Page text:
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Lloyd E. Rigler, 88; He Made Fortune on Meat Tenderizer

December 12, 2003|Mary Rourke | Times Staff Writer

Lloyd E. Rigler, an entrepreneur and philanthropist who made his fortune selling Adolph's Meat Tenderizer and became a major patron of the arts and a founding donor to the Los Angeles Music Center, has died. He was 88.

Rigler died of cancer Sunday at his home in Hollywood, according to Steven Davis, a close friend.

After selling his meat seasoning business in 1974, Rigler began to spend more of his time sponsoring the arts through a foundation he set up with his business partner, Lawrence E. Deutsch.

In the 1980s, Rigler was co-chairman and later vice chairman of the board of the New York City Opera. He was instrumental in bringing the City Opera to Southern California for a few seasons before the Los Angeles Opera was launched in 1986.

He also was a principal supporter of the Joffrey Ballet, which was based at the Los Angeles Music Center in the 1980s.

For The Record
Los Angeles Times Tuesday December 16, 2003 Home Edition Main News Part A Page 2 National Desk 1 inches; 33 words Type of Material: Correction
Rigler obituary -- The obituary of entrepreneur and philanthropist Lloyd E. Rigler in Friday's California section spelled the name of his surviving sister as Andre Estrin. In fact, her name is Audre Estrin.

"Young artists and young arts audiences were Lloyd's life," said Patricia Kennedy, a friend who served on the Joffrey board of directors with Rigler. "Lloyd was an entrepreneur who used his fortune to give back to the community."

Rigler also sponsored projects that made the arts accessible to everyone. In 1994, he launched the Classic Arts Showcase, programming that is made available without charge to cable, public service and commercial TV stations. The showcase, which offers short clips from dance, music and other arts events and is commercial-free, airs on KCET-TV Channel 28 public television and a cable channel, L.A. CityView. The showcase is available in more than 50 million homes nationwide, according to Rigler's nephew, James D. Rigler, who is program director.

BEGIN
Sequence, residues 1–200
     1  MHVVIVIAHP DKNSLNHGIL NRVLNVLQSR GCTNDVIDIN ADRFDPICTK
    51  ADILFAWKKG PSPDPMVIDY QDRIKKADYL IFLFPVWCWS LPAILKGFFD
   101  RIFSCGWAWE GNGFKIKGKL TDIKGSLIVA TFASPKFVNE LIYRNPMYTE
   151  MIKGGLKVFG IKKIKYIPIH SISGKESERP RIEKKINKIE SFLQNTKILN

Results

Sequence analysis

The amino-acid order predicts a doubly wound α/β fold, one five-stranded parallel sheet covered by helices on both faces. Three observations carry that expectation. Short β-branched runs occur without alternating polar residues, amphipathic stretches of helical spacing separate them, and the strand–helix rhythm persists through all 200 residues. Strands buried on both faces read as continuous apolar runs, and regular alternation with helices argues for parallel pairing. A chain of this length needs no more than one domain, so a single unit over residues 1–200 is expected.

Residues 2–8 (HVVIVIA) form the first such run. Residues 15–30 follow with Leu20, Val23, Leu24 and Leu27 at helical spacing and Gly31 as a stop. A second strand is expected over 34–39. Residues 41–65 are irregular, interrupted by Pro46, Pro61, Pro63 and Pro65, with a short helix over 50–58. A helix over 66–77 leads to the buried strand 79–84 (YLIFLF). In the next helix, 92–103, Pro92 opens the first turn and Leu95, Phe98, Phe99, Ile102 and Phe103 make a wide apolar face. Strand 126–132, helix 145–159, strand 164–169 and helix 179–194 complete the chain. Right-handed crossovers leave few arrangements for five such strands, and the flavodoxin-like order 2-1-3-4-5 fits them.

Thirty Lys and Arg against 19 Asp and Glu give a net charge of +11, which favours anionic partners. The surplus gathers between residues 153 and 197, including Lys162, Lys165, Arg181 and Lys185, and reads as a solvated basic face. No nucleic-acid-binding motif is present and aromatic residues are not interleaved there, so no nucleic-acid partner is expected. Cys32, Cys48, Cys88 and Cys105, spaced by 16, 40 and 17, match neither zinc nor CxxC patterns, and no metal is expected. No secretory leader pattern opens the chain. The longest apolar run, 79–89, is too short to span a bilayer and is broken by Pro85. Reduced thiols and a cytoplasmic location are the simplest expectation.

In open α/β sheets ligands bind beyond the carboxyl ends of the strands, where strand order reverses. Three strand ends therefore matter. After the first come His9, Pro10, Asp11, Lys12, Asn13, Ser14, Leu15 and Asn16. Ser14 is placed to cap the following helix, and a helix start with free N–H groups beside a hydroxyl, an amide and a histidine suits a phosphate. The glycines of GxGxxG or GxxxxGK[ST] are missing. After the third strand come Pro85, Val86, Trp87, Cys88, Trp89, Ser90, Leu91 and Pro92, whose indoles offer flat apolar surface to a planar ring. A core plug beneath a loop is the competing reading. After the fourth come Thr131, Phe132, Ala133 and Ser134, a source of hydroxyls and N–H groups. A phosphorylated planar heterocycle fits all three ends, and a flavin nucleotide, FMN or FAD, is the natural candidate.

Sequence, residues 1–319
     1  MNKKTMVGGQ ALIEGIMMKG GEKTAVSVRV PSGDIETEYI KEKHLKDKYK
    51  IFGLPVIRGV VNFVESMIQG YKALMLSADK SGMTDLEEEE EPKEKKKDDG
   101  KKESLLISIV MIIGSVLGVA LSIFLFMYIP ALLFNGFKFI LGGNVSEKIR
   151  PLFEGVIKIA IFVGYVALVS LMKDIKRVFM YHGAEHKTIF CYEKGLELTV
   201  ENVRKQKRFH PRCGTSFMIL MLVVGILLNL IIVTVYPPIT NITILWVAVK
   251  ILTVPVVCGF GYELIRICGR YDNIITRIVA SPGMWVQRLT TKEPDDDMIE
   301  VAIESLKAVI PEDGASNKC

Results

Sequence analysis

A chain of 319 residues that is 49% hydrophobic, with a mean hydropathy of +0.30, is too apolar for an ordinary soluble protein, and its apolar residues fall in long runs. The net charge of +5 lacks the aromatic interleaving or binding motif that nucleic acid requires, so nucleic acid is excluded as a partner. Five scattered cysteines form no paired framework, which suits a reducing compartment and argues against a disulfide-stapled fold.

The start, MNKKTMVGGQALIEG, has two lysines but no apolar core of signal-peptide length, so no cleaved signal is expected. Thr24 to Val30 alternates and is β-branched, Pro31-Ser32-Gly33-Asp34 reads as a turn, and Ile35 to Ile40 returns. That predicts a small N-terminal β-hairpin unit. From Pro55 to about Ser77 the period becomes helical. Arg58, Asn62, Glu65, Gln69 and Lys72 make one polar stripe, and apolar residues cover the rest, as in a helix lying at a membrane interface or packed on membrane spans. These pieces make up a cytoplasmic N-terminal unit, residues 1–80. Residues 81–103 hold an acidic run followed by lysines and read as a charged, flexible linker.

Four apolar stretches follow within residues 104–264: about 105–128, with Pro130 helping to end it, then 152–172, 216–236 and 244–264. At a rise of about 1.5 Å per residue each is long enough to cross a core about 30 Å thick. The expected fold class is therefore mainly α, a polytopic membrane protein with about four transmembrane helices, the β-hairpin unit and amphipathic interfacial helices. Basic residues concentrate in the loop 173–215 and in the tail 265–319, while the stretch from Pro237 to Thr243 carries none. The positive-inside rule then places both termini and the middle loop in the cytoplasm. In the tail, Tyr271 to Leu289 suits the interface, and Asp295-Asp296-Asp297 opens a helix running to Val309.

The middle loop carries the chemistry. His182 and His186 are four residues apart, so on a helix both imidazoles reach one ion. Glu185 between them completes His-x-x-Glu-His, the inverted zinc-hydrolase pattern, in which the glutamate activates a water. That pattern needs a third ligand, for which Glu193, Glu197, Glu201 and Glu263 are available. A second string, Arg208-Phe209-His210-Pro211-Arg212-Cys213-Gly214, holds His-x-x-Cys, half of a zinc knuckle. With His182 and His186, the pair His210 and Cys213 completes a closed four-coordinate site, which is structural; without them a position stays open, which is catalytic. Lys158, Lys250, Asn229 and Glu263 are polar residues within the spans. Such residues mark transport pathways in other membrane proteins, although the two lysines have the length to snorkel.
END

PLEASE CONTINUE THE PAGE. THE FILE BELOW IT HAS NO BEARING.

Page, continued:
"To bring the arts to households that don't have the money to go to see a ballet, an opera or symphony was the idea," Rigler's friend Davis said. "The arts showcase was Lloyd's last hurrah."

One of six children, Rigler was born in Lehr, N.D., and raised in nearby Wishek, a farming town where his father owned a general store. From age 11, he managed his own department in the store, selling gifts and greeting cards. The family lost the business during the Depression, and Rigler moved to Chicago, where he sold electric irons and, later, shoes.

Rigler graduated from the University of Illinois and in 1939 moved to New York City, where he worked in marketing research and sales. In 1940, he demonstrated RCA television sets at the World's Fair in New York.

After serving in the Navy during World War II, he went to work in Los Angeles as a food broker, selling mushroom products. He met Deutsch when he rented space for his products in the back of the Los Angeles dry cleaner that Deutsch managed.

The two men, who became partners in the food brokering business in the mid-1940s, bought the recipe and the name Adolph's Meat Tenderizer in 1948 after discovering the seasoning in a Santa Barbara restaurant owned by Adolph Remp. They also became partners in philanthropy. In 1966, they commissioned the sculpture "Peace on Earth" by Jacques Lipchitz, which is in the fountain area of the Music Center Plaza.

At his death in 1977, Deutsch left his estate to what is now known as the Lloyd E. Rigler-Lawrence E. Deutsch Foundation.

In the 1990s, Rigler sponsored the restoration of the Egyptian Theater in Hollywood.

A lifelong bachelor, Rigler encouraged single people to form a voting bloc over issues such as legal and tax protection for singles. He created the American Assn. of Single People for that purpose in 1999.

He also helped to fund a course on the legal rights of domestic partners, which was taught at the USC Law School in 1985.

Rigler is survived by his sister, Andre Estrin of Portland, Ore., and 11 nieces and nephews. A memorial service is scheduled for 2 p.m. Jan. 18 at the Egyptian Theater, 6712 Hollywood Blvd., Hollywood.

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